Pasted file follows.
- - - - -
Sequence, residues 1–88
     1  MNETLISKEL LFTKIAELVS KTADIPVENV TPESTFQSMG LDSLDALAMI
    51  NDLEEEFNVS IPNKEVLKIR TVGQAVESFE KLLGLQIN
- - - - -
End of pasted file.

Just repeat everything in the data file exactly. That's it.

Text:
Sequence, residues 1–88
     1  MNETLISKEL LFTKIAELVS KTADIPVENV TPESTFQSMG LDSLDALAMI
    51  NDLEEEFNVS IPNKEVLKIR TVGQAVESFE KLLGLQIN